So anyway, I was off back to this spot to see the difference over this ground in NORMAL & not DIFFICULT. But the same hotter settings. 5 minutes from pulling up at the vehicle track end before the walk in, it started raining. SH!T..... There was a bank of black cloud enshrouding the southern end of the mountain range. Looked to be snowing up there. Bugger. I have come this far. Stuff it...I am going onwards. I packed a rain jacket, decided to leave the monster behind & hit the walking trail. The rain eased off but it was quite a bit cooler. By the time I got to the spot I was rugged up in winter garb. A biting cold southerly direct from Antarctica as this mountain range is the highest land mass between here & Antarctica. Snows up here any time of the year. The annual mean air temperature up the tops here is ZERO degrees Celsius. That is freezing point in our language. Got to the spot, rigged up & into it. Checked all my settings, Auto tuned, ground balanced over the ferrite ring & I was away. I started detecting down an old very shallow wash gutter from the old timers from their ground sluicing. They had dug it to bed rock, which wasnt very deep, throwing the dirt up on one side. Scanned those piles & got nothing. Wondered on down the gutter itself sweeping over the schist bedrock. Got a faint sweet signal next to a large slab of schist on the gutters bedrock bottom. Scraped away the shallow top soil & grassy bits to expose the schist bedrock. Can you see how tiny the gold is?
Here you go.
You will notice how the schist bedrock is layered. I stuck the coil back over the bedrock & got another sweet little signal. Scraped away at the schist but signal still there. With the pointy end of the pick I smacked it into one of the folds of schist & peeled up a layer. That got the signal out.
Another tiny bit
Again I stuck the coil over the schist & another little signal. Peeled out more layers of schist. Notice the peeled up layers above the detector.
Yet another small bit of the good stuff.
It might not look like a gutter in this pic....but it is. This is looking up hill.
That was the end of that wee little find & I had a bit of a dry spell after that. I was heading back up to my pack for a coffee when over the old working ahead of me wonders this young bloke with a Minelab over his shoulder. I got a bit of a fright as I had seen no other vehicle parked down at the end of the vehicle track & so thought I was here all alone. He had come from further up the hill. He came up to me & said. "Are you John?" A bit reluctant to say yes, thinking who the hell are you & why do you ask type thing. But I said yes & who are you. He replied saying "I bought a signal enhancer of you a few years back". Oh ok I said. Didnt you buy two, one for your brother or a mate. Yes he said. And with that a 2nd bloke appears. After a bit of small talk he asked I I had got anything. To which I said no. And in return he said they had got nothing either. I didn't have the heart to tell them I had thrashed the place over the years & done ok.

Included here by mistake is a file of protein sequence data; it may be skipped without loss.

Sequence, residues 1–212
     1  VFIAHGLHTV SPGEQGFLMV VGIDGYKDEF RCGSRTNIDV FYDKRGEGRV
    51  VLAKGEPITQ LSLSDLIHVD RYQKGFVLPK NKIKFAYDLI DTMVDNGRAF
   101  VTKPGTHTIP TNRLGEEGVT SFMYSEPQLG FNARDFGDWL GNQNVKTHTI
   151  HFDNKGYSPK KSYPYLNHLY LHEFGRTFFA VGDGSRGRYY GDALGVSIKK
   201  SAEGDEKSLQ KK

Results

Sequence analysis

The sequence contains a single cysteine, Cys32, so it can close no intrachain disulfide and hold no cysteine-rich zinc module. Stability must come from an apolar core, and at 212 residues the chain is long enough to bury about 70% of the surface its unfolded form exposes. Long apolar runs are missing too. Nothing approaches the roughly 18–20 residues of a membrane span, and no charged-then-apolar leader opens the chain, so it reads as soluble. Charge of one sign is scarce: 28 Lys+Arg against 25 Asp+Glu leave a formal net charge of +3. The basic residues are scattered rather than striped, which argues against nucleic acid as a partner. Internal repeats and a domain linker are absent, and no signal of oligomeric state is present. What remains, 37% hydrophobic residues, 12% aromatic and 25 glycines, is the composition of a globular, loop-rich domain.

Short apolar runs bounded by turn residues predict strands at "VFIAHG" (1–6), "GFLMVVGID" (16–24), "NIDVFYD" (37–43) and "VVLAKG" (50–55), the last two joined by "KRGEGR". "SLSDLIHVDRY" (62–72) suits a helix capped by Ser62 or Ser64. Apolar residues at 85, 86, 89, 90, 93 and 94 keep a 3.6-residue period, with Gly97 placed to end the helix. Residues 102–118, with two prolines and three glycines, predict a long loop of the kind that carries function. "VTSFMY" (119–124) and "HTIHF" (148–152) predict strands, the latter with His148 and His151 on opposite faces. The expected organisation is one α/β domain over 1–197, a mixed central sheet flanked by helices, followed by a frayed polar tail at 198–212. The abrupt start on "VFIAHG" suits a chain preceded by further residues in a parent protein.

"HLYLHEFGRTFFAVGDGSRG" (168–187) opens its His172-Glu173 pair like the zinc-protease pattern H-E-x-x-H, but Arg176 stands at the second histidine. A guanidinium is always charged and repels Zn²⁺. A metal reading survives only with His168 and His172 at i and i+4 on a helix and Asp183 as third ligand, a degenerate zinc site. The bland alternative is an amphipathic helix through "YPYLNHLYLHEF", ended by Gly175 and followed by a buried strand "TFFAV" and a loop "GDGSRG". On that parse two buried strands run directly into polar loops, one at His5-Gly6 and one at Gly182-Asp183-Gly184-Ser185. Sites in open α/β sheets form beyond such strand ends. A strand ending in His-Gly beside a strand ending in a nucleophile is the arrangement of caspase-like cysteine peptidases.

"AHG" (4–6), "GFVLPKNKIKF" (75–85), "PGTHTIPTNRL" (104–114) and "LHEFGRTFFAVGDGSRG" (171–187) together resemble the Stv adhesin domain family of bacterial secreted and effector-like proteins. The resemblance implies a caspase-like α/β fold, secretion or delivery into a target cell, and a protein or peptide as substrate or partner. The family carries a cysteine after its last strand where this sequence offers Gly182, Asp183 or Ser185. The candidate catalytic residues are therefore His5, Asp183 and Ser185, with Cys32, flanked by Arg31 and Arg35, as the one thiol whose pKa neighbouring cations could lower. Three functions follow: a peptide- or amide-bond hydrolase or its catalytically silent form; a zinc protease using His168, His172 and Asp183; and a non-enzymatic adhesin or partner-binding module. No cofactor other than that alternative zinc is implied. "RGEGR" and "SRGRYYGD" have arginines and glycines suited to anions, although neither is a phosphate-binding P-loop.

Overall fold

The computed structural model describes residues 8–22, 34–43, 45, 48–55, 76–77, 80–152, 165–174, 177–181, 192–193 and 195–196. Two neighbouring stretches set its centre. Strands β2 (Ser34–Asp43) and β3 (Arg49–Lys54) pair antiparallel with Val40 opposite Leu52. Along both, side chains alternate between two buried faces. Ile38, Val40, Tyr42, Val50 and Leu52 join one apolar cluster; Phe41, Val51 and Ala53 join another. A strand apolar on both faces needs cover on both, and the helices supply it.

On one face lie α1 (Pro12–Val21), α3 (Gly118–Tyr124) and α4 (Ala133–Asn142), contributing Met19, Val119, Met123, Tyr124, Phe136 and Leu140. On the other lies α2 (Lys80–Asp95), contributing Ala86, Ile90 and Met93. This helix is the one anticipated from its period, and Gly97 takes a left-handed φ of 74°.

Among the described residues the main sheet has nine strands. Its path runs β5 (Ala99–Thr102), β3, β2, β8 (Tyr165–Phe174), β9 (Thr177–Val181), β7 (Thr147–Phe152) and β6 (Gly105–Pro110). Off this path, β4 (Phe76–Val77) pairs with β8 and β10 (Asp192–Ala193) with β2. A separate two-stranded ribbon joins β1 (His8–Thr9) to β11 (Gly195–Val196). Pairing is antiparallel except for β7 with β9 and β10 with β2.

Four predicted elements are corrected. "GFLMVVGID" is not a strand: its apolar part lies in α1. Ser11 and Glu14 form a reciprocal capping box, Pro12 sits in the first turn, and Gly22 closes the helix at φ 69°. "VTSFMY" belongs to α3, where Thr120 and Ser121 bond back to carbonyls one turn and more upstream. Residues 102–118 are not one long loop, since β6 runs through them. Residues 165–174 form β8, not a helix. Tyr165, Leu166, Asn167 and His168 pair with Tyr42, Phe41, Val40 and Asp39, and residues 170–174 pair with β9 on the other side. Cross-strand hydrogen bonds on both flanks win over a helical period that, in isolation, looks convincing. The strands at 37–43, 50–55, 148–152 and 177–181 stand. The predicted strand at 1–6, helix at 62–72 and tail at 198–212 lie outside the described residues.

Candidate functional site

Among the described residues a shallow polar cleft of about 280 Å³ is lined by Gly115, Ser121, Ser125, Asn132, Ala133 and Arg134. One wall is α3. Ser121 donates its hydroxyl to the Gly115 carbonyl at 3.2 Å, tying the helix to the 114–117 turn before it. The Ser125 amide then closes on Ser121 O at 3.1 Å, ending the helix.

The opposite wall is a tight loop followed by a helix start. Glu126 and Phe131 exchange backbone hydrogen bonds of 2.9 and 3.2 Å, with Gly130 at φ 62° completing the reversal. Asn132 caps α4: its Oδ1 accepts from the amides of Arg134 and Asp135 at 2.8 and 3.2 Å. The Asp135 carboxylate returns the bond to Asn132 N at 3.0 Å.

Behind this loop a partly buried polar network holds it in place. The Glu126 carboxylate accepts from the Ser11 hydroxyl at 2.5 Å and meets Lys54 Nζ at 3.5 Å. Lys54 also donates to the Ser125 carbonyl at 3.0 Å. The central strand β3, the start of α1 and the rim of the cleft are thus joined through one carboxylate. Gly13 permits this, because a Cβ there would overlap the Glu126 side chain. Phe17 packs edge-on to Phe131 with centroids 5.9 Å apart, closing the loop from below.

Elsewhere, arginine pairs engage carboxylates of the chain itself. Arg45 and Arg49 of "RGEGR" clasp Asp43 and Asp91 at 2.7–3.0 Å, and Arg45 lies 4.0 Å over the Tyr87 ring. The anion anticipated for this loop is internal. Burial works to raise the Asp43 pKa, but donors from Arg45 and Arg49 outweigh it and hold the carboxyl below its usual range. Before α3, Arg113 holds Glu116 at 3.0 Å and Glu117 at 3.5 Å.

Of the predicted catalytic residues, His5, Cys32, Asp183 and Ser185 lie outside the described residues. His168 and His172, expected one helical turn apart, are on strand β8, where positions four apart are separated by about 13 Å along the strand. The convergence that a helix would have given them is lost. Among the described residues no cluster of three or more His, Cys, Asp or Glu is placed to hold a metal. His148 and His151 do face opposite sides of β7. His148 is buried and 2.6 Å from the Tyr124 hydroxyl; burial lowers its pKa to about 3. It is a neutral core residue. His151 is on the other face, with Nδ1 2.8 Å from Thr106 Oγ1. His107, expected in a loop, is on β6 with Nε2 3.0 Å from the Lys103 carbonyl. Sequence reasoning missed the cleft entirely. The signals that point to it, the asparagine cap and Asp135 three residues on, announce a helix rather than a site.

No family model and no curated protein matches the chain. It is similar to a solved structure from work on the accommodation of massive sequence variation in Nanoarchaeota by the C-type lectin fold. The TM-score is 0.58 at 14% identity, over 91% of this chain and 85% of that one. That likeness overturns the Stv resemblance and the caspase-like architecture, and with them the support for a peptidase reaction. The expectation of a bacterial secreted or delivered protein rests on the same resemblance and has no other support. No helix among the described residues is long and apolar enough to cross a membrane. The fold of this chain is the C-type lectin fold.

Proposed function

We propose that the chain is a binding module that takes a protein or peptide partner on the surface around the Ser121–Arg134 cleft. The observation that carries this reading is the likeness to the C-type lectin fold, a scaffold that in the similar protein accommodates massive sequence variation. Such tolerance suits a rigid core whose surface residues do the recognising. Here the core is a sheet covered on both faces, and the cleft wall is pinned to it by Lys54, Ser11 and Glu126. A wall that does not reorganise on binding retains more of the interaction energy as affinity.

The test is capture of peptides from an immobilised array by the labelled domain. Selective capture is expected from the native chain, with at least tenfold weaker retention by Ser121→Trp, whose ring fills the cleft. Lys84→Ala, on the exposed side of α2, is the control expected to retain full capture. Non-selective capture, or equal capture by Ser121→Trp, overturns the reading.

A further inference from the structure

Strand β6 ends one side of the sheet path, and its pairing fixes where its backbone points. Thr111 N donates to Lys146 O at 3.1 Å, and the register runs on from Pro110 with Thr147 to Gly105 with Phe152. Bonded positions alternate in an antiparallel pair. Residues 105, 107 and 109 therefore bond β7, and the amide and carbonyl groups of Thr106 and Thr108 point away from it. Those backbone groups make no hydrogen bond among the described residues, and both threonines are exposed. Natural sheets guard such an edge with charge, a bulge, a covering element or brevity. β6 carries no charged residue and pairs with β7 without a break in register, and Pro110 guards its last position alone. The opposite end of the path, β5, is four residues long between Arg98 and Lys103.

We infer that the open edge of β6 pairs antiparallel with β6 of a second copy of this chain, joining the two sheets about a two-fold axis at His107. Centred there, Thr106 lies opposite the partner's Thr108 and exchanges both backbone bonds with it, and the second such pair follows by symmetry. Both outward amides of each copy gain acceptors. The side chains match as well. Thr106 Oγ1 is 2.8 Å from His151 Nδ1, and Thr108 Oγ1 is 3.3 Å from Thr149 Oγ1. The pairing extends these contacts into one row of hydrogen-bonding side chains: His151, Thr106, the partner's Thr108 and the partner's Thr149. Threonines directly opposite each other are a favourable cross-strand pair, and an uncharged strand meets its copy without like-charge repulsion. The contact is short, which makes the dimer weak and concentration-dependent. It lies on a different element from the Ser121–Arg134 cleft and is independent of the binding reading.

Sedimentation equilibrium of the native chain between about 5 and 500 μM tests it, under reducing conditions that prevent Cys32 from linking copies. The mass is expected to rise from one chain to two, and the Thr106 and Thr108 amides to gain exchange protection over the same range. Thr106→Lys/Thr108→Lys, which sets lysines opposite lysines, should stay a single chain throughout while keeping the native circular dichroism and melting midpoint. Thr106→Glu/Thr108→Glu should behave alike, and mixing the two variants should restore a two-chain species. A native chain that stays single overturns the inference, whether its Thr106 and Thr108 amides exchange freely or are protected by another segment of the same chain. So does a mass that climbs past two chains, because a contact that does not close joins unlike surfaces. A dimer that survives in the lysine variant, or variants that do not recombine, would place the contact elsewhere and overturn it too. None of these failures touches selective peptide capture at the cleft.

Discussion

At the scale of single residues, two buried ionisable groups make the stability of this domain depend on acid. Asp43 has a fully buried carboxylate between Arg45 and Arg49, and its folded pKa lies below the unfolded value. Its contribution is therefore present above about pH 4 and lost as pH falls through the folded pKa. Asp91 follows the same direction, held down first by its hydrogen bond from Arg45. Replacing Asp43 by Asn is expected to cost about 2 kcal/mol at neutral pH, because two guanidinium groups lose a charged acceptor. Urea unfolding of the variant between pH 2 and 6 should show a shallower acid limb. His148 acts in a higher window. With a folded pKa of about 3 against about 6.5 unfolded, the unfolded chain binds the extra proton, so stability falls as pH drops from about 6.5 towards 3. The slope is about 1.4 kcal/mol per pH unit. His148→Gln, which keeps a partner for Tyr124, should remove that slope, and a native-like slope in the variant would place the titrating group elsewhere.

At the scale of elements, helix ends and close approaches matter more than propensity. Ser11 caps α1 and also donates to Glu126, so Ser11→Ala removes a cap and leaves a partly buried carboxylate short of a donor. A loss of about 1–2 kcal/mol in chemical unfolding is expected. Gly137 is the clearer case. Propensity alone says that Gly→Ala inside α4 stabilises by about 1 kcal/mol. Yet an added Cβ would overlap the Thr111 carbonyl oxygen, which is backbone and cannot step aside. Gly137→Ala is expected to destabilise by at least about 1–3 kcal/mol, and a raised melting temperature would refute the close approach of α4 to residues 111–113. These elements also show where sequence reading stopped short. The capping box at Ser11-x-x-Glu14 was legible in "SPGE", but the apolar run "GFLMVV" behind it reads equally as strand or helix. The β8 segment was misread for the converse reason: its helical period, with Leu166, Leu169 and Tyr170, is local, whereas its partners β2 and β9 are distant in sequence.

Almost 2 ounces all up.
And this is a little pile of fines that I got that you may recall a post I did on a little glory hole that I found. Where I got out of one crevice 52 detected nuggets on the first day followed by more on two other trips back in & these fines were from the dig out dirt that I back packed to the nearest water hole to pan out.
They had been detecting just a bit further up & were heading off due to getting nothing. So off they went. I had my coffee & got back into it.
The old timers had really thrashed this slope with their ground sluicing & exposed a lot of bedrock. I waved the coil over this big raised slab of bedrock. Targeting that fracture line through it to see if there was any gold caught up in just such bedrock cracks & fissures.
There wasn't in the crack but I got a signal just to the left of the coil. Scraped away the bits of lose rubble & was into a dirt clay layer with the signal still in there. A few more scrapes & it had moved.
A sassy bit of the good stuff.
I then ended up where the two guys had been detecting as I could see the odd scrape mark. Not detoured I just carried on about my business. Got a faint hit on the bedrock.
Down into a bit of a hollow.
Out popped this
This carried on for a few more little bits. The other guys were swinging GP Extremes with 12 inch Nugget Finder coils.
I ended up with 7 small bits for just .77 of a gram
I was pretty happy to get what I got considering the last time here when my Zed went back into the default setting of difficult I got nothing . So Normal made the difference. Cheers guys
Good luck out there
Had a great time this past weekend in the Nevada desert. The weather was a bit crazy with lots of rain, some hail and a bit of snow even. A special thanks to Gerry and crew for taking the time to show Lisa how to use her Gold Bug 2. I think I'm in trouble now as she has the bug real bad. As we were leaving she said that the next time a big rain comes through we need to drop everything and run back to Nevada lol. Also thanks to Lunk for spending some time with me on the ZED settings. I even got to shake hands with Steve Herschbach and Chris Ralph! It was great meeting you guys. Wish I could have stayed around for the talk but there was no way I was going into that trailer! Lisa's nuggets are on the right.
After clearing a patch with the Minelabs, it's a good idea to detect that area very slowly with the Gold Bug 2, as evidenced by the nuggets found this November in totally worked out patches. The larger specimen could have up to 6 grams in it and the bigger solid weighs in at 1.7 grams. I assume, of course, that the 7000 will find even more down deep, but I don't have one.